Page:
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An (ordinary)

**torus**is a surface having genus one, and therefore possessing a single "hole" (left figure). The single-holed "ring"**torus**is known in older literature as an ...One of the three standard tori given by the parametric equations x = (c+acosv)cosu (1) y = (c+acosv)sinu (2) z = asinv (3) with c>a. This is the

**torus**which is generally ...A sphere with two handles and two holes, i.e., a genus-2

**torus**.The square

**torus**is the quotient of the plane by the integer lattice.One of the three standard tori given by the parametric equations x = (c+acosv)cosu (1) y = (c+acosv)sinu (2) z = asinv (3) with c<a. The exterior surface is called an apple ...

One of the three standard tori given by the parametric equations x = a(1+cosv)cosu (1) y = a(1+cosv)sinu (2) z = asinv, (3) corresponding to the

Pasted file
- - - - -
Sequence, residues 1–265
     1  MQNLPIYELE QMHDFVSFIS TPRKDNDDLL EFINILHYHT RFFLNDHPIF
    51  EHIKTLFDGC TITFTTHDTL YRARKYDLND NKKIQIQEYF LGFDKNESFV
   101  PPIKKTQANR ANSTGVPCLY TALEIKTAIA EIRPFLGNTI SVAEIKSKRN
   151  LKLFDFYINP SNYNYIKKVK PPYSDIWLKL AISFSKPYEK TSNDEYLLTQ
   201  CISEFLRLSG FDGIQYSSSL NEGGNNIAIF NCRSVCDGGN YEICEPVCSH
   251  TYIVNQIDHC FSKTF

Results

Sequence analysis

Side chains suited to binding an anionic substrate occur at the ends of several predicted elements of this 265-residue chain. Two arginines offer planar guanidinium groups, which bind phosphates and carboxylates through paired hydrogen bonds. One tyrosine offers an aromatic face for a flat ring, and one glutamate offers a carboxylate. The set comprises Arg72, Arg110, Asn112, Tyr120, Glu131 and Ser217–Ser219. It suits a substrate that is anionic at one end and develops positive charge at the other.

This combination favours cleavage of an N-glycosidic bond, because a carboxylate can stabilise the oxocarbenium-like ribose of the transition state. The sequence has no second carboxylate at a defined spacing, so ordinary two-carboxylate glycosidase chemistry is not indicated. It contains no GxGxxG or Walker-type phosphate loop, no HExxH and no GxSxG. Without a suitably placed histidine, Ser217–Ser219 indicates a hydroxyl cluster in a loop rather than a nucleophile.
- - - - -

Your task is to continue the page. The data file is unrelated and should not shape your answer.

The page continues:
**torus**with a=c. It has ...A (p,q)-

**torus**knot is obtained by looping a string through the hole of a**torus**p times with q revolutions before joining its ends, where p and q are relatively prime. A ...A ring

**torus**constructed out of a square of side length c can be dissected into two squares of arbitrary side lengths a and b (as long as they are consistent with the size of ...A sphere with three handles (and three holes), i.e., a genus-3

**torus**.A

**torus**with a hole that can eat another**torus**. The transformation is continuous, and so can be achieved by stretching only without tearing or making new holes in the tori....